Woman, he says, not having such a high sense of her own importance as man, is willing to adjust to the weather.

In gossamer gowns without sleeves and without collar or tie, she can, on the hottest day, maintain in a perfectly dry state, the powder on her dainty nose. With a million artesian wells open to the air she smiles at a hundred and ten in the shade.

Why doesn’t some man with ideas come up with new designs in men’s clothing? he wants to know.

Why shouldn’t a man have a sleeveless shirt, an open neck, a suntan back if he wants them, I’d like to know? Why shouldn’t he, too, wear gossamer and lace, silks and georgettes?

Men of the Bloggernacle, do you agree? Wouldn’t you like to cast aside your suits and long-sleeved shirts and ties, even on Sunday, and be more reasonably dressed during the summer heat?

Perhaps you’re ready, then, for fashions of the kind that illustrate Professor Merrill’s article … which, because I didn’t want you to glance ahead to see prematurely, you can now view by clicking here.



25 Comments »

  1. Oh my heck! Uh, wouldn’t there be a problem with g’s then? I do like the pen-filled pocket, though. Geeks would be happy.

    Comment by Coffinberry — August 19, 2011 @ 7:34 am

  2. Before anybody asks: It is barely possible that Merrill intended his proposal as a satire on women’s fashions, immodesty and the excuses for them. However, if so, it’s almost too perfect. I can’t find any sure whiff of that in his essay and would have a hard time arguing it. The most persuasive evidence for it is that I can hardly believe he was serious, given the ridiculousness of the sketched “vest” — which does kind of look like a manned-up version of women’s wear.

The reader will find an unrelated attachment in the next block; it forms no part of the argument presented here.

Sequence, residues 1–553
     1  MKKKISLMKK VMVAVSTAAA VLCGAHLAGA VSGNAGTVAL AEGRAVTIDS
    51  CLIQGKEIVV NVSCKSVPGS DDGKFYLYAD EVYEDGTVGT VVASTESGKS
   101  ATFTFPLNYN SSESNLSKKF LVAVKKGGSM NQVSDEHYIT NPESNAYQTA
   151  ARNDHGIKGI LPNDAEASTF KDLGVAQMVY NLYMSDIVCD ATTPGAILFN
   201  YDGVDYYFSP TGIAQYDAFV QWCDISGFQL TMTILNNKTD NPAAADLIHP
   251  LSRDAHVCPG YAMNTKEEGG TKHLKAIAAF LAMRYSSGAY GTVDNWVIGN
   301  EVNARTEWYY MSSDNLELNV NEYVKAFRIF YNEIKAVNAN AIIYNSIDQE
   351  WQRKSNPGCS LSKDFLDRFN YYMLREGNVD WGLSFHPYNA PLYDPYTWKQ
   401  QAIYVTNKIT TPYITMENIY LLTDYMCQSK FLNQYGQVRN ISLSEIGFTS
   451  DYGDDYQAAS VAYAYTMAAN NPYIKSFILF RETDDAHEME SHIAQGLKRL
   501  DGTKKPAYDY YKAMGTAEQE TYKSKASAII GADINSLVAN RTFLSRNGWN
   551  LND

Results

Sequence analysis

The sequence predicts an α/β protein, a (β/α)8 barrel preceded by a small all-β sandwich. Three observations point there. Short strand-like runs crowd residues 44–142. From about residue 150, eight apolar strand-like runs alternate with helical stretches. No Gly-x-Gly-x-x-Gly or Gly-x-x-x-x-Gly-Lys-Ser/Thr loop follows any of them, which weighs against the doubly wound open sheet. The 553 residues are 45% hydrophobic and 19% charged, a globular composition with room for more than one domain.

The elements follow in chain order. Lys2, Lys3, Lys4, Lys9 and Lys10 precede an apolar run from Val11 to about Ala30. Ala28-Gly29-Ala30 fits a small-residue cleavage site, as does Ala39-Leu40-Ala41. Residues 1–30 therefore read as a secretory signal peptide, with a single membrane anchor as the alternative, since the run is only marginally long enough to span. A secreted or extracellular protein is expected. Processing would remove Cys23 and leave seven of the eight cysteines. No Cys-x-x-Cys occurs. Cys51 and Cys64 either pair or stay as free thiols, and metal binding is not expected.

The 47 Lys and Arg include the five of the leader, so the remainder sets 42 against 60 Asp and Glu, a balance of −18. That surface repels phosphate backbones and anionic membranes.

Comment by Ardis E. Parshall — August 19, 2011 @ 7:36 am

  3. If all the men at church looked like that picture, maybe I wouldn’t complain.

    Comment by Carol — August 19, 2011 @ 7:37 am

  4. It seems that most of the men in my neighborhood have achieved the good professor’s vision, if not quite as fashionably: a wife-beater T, some baggy shorts and a pair of flip-flops, and they’re good for most of the summer. Of course, none of them show up at church–any church–except for an occasional wedding or funeral.

    Comment by Mark B. — August 19, 2011 @ 8:00 am

  5. In 1931 he laid before the world his ideas on men’s fashion

    In what publication did this appear?

    Comment by Last Lemming — August 19, 2011 @ 8:07 am

  6. What a wonderful outfit! Where can I order one?